Nevertheless, to find a way through this world requires my full engagement, participation and that I am fully human.  It requires passion and a great love.  If I sit around, only thinking of lofty heavenly states, it disengages me from life. I have come to believe that finding my way through the world even by fly-fishing is far more difficult. Yet, this is the task granted to me and that I embrace.

Fly-fishing requires that I make a commitment to journey, find my way through the world to a river, and learn of God’s creation and the world of fish. For it is while fly-fishing that I have to find my way through my fly boxes and find the right fly and I have to use the proper techniques and casting presentations that allow the fly to drift properly. Fly-fishing my way through their world, this world, allows me to stay focused on the fly as it drifts down a current seam-line.  Perhaps a fish takes the fly, and allows me to know, if only briefly, that I have found the way, my way through the world.

Sometimes, as I am finding my way through the world, fly-fishing, I contemplate deeper tugs that come from down in my soul. I do pay attention to these deeper tugs. These tugs help me better understand the way even if others might misunderstand me. If I talk about a spirituality and faith regarding fly-fishing, then some folks might assume I am only sitting around waiting for the next life to come. No, I enjoy this life too much and feel deeply responsible to respond to the beauty all around me in this world. Therefore, I fish and try to find my way to the fish.

I love to cast to the elusive beautiful forms swimming under the currents, as I try to find my way through the world. I prefer the wonderful sensations of this life; the strong pulsations of a large fish hooked on the end of my line, surging downriver. I choose to find my way through the world, this world; engaged in life, this life, reading the mysterious waters.   

Yet, at times, I know how difficult it can be even to find my way through my own home and life’s complications, to get to the garage to rig a fly rod. Harder still to turn the key to my truck and find my way to the river. And, then if I get there, I might take a fall or get in a tangled mess and catch nothing.

Yet, all of this searching, struggling, falling and rising, tugs or no tugs, catching and not catching, are finding my way through the world and perhaps in the world to come.  

Thursday, December 15, 2016

Fly Fishing My Way into Existence



There is an existential choice that I try initiate within myself and I try to proclaim again and again. Quite simply, I try to say to life, to God, ‘I am here.’  If I can say ‘I am here,’ I acknowledge my existence.   

If I exist then a certain peculiar responsibility comes with that existence, the steps I take into the world, and the words I speak. I am responsible during the specific moments of time for my existence and the choices I make as opposed to being ‘checked out,’ and numb.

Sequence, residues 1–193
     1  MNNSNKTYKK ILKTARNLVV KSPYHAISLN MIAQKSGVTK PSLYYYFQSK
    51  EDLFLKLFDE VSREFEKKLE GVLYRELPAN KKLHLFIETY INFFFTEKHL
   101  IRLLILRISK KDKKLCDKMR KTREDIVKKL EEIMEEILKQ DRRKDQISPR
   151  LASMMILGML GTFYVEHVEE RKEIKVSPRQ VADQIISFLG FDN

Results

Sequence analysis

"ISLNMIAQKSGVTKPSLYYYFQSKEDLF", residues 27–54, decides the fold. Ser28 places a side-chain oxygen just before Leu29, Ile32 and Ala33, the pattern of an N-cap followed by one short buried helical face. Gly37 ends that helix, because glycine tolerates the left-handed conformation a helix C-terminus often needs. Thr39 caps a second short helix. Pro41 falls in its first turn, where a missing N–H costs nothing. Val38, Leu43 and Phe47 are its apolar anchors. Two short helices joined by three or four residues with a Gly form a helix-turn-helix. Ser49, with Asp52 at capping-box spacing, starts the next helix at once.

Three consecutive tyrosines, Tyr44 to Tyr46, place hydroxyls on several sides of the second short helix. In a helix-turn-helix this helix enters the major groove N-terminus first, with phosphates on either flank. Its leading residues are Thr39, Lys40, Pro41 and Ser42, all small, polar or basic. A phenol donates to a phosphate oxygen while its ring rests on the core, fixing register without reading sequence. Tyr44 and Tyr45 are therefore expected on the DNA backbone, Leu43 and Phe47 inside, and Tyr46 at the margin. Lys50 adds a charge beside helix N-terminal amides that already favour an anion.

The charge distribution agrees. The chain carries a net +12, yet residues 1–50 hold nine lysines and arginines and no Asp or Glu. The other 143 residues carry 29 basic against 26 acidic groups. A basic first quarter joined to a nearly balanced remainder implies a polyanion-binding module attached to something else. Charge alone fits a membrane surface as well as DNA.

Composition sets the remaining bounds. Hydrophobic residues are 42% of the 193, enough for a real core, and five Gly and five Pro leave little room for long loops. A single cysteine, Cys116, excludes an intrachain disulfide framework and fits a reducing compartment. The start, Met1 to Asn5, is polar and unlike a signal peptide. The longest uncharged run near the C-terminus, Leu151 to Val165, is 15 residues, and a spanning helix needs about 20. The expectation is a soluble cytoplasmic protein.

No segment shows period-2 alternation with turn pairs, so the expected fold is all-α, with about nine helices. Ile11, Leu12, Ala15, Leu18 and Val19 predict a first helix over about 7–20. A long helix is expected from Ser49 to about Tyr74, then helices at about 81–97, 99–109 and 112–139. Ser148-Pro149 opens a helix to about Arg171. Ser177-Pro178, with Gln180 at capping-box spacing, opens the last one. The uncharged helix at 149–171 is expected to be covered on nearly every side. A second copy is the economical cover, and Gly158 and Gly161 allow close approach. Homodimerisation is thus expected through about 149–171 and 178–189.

If I make this declaration then I can become more aware of how I am responsible for my life even when it seems that humanity ignores me, or I ignore humanity and I live in isolation.  I can declare my existence even when it feels as though nothing matters or my life does not matter. These can be challenging times to believe in my existence and the meaning of my life.

However, if during these difficult times, I can spend some time out in nature, casting on a river, I can some times find connection, a sense of flow and belonging. For me, it is while fly-fishing, that I can best proclaim my existence to the Earth and the creation even when I feel alone, insignificant as if no one even knows my name. As the poet says,

“And if the earthly no longer know your name, whisper to the silent earth I’m flowing; to the flashing waters say, I am” (Rilke).  

I can whisper to the silent Earth that I am here. I can say to the flashing waters, I am.  To say that I exist means I carry a certain weight; however slight, that leaves wandering footsteps along the banks of rivers.  As I fish, I may not see any other footsteps in the mud nor meet anyone I know. I cast and drift in the flowing waters. 

The fish might swim away from me in fear as I cast, ignore me for hours but sometimes one fish drawn to my fly enters my world and I connect.  I connect to the fish and watch it propel itself in the flashing waters as I contemplate my existence and place in the world; their world.   

Within the flashing waters of the silent Earth, I might dare to proclaim; I am, and know I exist as a small part of the creation.

Monday, December 5, 2016

Deep Snows of Winter: To Cover the Scars We Left Upon Eden

 
The Mountains need snow.  We need the water, and of course, so do the fish.

However, besides these basic needs, I think we also need the snow to block our way to the river.  The banks need healing along with the fish. We have left our scars upon the land and the fish themselves. 

Can I help it that I secretly wish for storms so heavy with snow that they deny us access to the river. Perhaps heavy snow is the only way to keep us out. Let the river, the fish and the land heal.  

Am I being too dramatic? Who has not seen in years past when sections of river were temporarily closed to fishing because of high water or threat of fire, how wonderful the fishing was when it reopened? 

With no closures in sight, I can only hope for heavy snow. I hope the snow falls and denies us access for a day or two. Or maybe a week.  Any break might help heal the scars.

Who has not seen the scars on the fish; the broken off flies in their mouths, and their tired response when hooked? Have we not seen every day and all day long the relentless pounding of our favorite holes? 

How many times can a fish be hooked, its feeding cycles interrupted, and still thrive (or even survive?).

I doubt the D.O.W.,  park service or the national forest agencies would ever propose rest periods for the fish by periodically closing sections of river. I doubt fly shops could collaborate and agree to limit guiding.  Could the fly fishing community ever agree to fish less?

How could I, as a lover of fly-fishing, during a 60 degree winter day, deny myself the urge to fish? Or, how could I not cast to a 30 inch fish that has moved up from a lake during the fall and Spring migrations?  

Therefore, come heavy snow and cover the river, the trails, and the roads. Deny me access if only for a day.

Heal the damage I have done. Heal Eden.

Heal my own heart.